The yarn assembly is kept on the screen during treatment and is passed under essentially columnar streams of 50 C. water issuing from a line of 0.005 inch orifices arranged in a manifold. Treatment is done with the assembly approximately in contact with the orifices. The assembly is passed under the streams using water pressures and passes as follows: passes at pressures from 500 to 1900 p.s.i.g. (35 to 133 kg./cm. gauge) using a top screen to help keep the yarns in place during treatment, followed by treatment at 500 to 1900 p.s.i.g. (35 to 133 kg./crn. gauge) Without the top screen. The assembly is passed under the manifold with the yarns of the top and bottom layers being perpendicular to the axis of the manifold. This treatment results in alignment of the yarns of each layer in the grooves, spaced 6/ inch in each direction of the screen, to form a final fabric having 6 yarns/inch in each direction. The treatment also preferentially results in interentanglernent of the fibers of the bulk yarns in the top and bottom layers, where two yarns overlie one another, but not in the intersections where 3 thicknesses of yarns are present.

The assembly is then removed and dried, The yarns are free to slide along one another at the intersections when the fabric is pulled in the bias direction and, as a result, the fabric has particularly good conformability and drape.

Another sample was prepared in a similar fashion and physical property determinations were made after steaming to fully relax and crimp the nonwoven and to produce a final basis weight of 7.5 oz./yd. The physical properties were:

Tensile strength:

MD lb./in./oz./yd. 6.2

XD lb./in./oz./yd. 5.0 Elongation:

MD percent 150 XD do 217 Modulus, 5% secant:

MD lb./in./oz./yd. 0.22

XD lb./in./oZ./yd. 0.17

The 5% secant modulus is determined in accordance with ASTM Standards E6-61, part 10, page 1836.

Example II This example illustrates preparation of a 4-ply nonwoven fabric with its yarns bonded between intersections by use of binder.

A four-ply nonwoven fabric is prepared from a six layer arrangement of yarns and binder filaments. The first and fifth layers are composed of Warp-like arrays of yarns, which run in a longitudinal direction and are in register. Warp-like arrays of yarns, which run transversely, make up the second and sixth layers, the yarns of both layers being in register. A warp-like array of binder filaments running longitudinally, makes up the third layer. The fourth layer consists of a warp-like array of binder filaments, running transversely. The following table, taken with FIG. 4, summarizes the initial arrangement of the filaments and yarns.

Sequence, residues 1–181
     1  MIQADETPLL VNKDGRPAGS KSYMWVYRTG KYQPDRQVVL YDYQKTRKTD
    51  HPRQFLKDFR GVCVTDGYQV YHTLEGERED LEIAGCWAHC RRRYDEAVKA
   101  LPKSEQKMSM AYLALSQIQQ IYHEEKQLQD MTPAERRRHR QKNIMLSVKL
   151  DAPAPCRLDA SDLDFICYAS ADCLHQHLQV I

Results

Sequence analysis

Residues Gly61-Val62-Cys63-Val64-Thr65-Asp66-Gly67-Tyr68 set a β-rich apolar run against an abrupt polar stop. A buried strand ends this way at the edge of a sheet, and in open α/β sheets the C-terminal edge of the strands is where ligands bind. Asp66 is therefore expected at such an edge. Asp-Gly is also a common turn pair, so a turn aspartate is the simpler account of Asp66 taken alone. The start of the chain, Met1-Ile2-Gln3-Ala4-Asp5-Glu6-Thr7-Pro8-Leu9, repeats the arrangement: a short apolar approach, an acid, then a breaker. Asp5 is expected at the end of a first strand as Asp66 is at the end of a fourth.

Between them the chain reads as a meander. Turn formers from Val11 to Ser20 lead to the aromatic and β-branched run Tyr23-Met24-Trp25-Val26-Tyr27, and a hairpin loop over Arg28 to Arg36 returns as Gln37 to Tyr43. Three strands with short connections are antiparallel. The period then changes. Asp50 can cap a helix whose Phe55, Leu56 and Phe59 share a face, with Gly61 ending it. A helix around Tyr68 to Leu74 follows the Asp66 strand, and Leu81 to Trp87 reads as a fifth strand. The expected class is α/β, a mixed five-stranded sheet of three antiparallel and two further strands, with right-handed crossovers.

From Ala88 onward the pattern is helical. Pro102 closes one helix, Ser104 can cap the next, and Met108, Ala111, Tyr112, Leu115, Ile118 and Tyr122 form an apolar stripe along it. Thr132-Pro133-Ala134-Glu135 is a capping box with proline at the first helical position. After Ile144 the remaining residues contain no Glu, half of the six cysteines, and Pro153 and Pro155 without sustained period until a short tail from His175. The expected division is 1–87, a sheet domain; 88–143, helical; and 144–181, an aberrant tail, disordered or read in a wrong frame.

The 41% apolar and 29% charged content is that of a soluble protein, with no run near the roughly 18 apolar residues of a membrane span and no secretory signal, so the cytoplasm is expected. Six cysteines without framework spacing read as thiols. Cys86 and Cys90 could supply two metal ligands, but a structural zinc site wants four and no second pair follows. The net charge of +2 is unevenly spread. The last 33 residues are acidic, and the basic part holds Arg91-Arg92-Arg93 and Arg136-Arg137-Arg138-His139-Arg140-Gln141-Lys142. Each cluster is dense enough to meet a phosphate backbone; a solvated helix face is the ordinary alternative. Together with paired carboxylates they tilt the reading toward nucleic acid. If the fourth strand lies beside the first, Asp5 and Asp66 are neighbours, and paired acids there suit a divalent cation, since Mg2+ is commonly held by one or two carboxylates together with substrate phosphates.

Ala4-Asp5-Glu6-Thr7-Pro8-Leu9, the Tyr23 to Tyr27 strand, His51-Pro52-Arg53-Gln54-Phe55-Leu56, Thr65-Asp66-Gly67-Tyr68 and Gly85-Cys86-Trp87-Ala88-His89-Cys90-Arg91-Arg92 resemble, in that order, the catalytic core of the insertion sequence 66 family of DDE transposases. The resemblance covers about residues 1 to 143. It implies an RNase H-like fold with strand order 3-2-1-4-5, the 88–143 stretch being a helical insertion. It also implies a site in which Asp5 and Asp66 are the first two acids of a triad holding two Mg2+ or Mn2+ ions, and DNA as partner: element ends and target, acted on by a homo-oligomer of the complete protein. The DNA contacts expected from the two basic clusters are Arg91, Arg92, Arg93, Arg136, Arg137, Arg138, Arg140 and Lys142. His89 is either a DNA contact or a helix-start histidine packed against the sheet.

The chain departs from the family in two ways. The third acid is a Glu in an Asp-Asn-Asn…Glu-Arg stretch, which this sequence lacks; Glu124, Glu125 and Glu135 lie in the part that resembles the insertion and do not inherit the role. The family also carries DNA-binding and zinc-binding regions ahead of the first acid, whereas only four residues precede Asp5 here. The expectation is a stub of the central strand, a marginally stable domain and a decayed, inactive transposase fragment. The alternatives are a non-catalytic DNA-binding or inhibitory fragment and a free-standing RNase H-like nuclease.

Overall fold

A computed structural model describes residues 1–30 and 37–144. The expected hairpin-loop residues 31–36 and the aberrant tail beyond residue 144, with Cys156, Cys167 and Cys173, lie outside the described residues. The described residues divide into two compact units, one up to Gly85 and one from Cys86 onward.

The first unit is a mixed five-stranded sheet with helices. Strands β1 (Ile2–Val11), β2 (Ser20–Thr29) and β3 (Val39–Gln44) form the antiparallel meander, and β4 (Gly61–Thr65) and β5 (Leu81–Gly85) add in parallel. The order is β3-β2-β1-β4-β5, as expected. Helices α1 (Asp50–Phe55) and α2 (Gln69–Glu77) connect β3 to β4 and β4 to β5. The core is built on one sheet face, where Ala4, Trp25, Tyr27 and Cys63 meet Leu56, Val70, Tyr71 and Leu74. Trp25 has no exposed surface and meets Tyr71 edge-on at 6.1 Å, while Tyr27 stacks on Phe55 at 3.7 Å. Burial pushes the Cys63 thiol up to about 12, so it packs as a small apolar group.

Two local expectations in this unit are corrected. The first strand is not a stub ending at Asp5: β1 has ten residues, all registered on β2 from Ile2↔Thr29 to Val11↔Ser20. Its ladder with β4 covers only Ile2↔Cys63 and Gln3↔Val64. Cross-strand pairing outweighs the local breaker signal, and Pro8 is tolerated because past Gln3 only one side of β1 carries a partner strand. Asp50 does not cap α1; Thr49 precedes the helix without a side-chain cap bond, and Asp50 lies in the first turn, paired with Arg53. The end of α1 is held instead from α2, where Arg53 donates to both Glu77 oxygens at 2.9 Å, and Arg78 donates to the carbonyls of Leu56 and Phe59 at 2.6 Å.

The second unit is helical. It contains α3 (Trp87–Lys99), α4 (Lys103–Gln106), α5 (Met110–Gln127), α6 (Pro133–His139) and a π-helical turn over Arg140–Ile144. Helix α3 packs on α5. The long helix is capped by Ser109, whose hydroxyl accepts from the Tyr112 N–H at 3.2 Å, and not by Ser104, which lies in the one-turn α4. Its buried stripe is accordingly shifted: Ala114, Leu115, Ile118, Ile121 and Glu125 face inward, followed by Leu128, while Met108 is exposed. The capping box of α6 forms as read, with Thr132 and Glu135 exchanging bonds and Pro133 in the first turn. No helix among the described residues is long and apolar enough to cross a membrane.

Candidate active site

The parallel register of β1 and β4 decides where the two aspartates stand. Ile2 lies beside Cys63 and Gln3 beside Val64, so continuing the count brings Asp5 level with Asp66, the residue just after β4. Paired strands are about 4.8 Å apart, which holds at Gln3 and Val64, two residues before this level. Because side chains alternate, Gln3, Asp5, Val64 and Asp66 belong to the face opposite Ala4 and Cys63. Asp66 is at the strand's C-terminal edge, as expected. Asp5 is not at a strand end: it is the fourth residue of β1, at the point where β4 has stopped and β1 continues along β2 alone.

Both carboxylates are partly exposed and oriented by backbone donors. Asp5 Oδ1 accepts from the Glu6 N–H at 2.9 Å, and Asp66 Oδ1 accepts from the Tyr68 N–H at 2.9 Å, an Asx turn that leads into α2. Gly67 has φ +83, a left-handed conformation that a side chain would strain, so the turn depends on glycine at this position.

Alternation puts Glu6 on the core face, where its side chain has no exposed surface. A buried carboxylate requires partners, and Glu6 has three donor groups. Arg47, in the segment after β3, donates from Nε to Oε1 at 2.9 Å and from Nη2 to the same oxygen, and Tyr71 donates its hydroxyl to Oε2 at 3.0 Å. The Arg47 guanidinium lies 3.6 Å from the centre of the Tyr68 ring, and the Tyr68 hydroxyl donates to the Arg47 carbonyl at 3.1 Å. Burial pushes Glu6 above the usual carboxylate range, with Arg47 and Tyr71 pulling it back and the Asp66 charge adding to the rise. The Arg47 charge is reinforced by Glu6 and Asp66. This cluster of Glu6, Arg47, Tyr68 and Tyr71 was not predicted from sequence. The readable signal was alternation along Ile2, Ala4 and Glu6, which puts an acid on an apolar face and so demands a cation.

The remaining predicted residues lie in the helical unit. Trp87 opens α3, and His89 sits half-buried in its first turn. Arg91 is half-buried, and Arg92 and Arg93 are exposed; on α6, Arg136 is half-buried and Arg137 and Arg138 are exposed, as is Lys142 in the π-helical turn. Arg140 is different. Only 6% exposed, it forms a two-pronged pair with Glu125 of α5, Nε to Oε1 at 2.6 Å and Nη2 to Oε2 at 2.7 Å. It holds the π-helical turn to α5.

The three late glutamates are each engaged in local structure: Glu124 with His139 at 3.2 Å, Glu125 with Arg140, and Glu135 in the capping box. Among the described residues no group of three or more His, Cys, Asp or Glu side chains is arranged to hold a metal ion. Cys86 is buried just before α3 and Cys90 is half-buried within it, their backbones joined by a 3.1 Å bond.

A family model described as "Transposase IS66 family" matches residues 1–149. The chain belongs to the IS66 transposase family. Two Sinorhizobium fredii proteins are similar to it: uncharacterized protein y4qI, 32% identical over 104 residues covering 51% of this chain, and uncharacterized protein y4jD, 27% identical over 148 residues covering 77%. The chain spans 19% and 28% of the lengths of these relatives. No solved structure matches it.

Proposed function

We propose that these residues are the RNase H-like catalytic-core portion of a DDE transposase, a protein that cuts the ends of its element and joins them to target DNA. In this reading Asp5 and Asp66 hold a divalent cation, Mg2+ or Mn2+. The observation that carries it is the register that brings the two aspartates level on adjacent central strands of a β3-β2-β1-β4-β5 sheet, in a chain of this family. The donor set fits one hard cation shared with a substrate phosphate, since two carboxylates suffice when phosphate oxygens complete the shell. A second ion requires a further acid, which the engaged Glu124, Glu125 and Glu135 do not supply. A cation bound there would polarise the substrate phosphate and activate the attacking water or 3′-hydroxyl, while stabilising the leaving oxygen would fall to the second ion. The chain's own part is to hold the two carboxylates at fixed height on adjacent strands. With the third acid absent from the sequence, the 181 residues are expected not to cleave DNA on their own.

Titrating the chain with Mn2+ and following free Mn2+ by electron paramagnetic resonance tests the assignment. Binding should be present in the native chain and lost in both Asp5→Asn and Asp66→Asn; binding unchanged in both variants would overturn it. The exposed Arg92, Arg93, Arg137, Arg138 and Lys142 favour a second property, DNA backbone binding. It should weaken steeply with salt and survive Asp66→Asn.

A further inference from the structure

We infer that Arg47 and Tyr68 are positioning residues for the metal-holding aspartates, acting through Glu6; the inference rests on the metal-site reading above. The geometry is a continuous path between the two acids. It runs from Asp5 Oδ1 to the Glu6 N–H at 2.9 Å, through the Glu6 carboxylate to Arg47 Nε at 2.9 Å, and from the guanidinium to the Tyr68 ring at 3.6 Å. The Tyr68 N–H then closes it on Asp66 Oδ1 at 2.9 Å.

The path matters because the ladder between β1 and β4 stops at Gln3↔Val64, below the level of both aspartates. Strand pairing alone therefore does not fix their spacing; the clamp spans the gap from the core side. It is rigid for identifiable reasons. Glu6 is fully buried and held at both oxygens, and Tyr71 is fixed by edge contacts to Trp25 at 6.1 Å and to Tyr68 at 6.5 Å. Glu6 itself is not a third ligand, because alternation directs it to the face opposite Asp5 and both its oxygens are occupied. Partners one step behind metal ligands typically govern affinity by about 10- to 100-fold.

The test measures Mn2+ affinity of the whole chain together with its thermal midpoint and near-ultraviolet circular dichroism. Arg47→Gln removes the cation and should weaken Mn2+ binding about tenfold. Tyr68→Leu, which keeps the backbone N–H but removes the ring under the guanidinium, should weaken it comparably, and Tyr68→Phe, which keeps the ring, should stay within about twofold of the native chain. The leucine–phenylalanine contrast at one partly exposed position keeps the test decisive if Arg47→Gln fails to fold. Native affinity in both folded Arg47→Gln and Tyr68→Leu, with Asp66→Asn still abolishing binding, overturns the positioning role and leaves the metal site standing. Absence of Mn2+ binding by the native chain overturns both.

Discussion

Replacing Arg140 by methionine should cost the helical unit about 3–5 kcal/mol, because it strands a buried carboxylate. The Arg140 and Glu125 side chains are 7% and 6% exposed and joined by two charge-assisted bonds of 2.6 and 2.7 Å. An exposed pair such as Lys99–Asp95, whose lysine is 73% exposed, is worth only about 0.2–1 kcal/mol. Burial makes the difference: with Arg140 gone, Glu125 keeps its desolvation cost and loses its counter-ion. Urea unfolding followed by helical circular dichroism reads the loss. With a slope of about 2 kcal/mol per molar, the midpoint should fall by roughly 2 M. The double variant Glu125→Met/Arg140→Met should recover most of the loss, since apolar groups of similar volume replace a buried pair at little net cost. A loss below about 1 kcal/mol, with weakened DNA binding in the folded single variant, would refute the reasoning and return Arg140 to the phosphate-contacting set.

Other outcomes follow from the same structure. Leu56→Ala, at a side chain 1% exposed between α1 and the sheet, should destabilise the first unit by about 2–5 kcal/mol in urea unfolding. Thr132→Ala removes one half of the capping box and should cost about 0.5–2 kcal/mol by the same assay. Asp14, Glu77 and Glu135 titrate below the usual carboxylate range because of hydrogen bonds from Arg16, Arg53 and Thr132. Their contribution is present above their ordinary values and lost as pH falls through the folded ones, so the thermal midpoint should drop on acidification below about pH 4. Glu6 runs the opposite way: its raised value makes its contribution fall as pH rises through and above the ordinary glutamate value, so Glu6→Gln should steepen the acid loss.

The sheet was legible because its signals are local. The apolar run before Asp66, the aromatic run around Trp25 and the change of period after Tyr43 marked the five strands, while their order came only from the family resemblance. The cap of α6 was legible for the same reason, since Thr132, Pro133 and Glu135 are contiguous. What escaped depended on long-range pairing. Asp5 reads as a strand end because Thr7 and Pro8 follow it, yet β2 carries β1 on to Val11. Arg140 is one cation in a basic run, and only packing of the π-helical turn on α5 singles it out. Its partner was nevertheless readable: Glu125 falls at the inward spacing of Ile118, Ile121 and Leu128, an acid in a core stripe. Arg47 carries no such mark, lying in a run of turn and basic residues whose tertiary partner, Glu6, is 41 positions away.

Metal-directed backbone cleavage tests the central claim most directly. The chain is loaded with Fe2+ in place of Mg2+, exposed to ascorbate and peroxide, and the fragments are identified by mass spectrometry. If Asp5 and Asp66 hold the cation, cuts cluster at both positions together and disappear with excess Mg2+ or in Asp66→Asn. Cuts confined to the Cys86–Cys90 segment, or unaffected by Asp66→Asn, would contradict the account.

When the initial strand assembly is viewed in plan, as in FIG. 4, it may be seen that each binder filament is evenly spaced between the yarns which run in the same direction but are located in the layers above and below the binder filaments.

All yarns in this example are continuous filament yarns, having 34 filaments of polyethylene terephthalate With a total denier of 70. They are evenly spaced in each layer at 25 yarns per inch. The binder filaments, which are also spaced in each layer at 25 filaments per inch, are of 10 denier per filament and are made from an 80/20 copolymer of poly(ethylene terephthalate)/poly(ethylene isophthalate).

The assembly of layers is placed in a Pasedena press where bonding is effected at a temperature of about 195 C. and a pressure of about 1500 p.s.i. The duration of the bonding step is approximately 5 minutes. During this step the identity of the binder filaments is lost; the binder flows primarily to the locations where the in-register yarns crossed the binder filaments in the initial assembly. Thus the in-register yarns are bonded to each other, while the intersections between longitudinal and transverse yarns are left relatively free of binder. After the press is cooled and pressure released, the fabric is removed from the apparatus. The final product is made up of 4 layers of yarns bonded together as shown in FIG. 5.

To assure that the finished fabric is bonded primarily between yarn intersections, rther than at intersections, tension is applied to the fabric in the longitudinal and transverse directions successively, and at a 45 angle to the yarns. This treatment preferentially breaks any bonds that may have formed at yarn intersections as a result of undesired binder flow to these locations. The treatment is preferential because the bonds at the intersections are weaker than those between intersections and because the stress placed on the intersections is greater than at the sites between intersections. In other words, when bias stretching loads are placed on the fabric, bonds at yarn intersections are in torsion and therefore break; bonds located between the intersections readily carry the load because they are under simple tension. The final nonwoven fabric is substantially free of bond sites at yarn intersections.

The fabric made by the above procedure exhibits a high degree of three-dimensional conformability, good cover and excellent dimensional stability. The unit weight of the fabric prepared in this example is one oz./yd. Yarn-direction tensile-strength is about 35 lb./in.//oz./ yd. with an elongation below 20%. The fabric exhibits the desired free-shear trellis-type action at yarn intersections which provides it with the bias-stretch properties possessed by woven fabrics. Total binder content of the structure is only 6.7% based on yarn weight.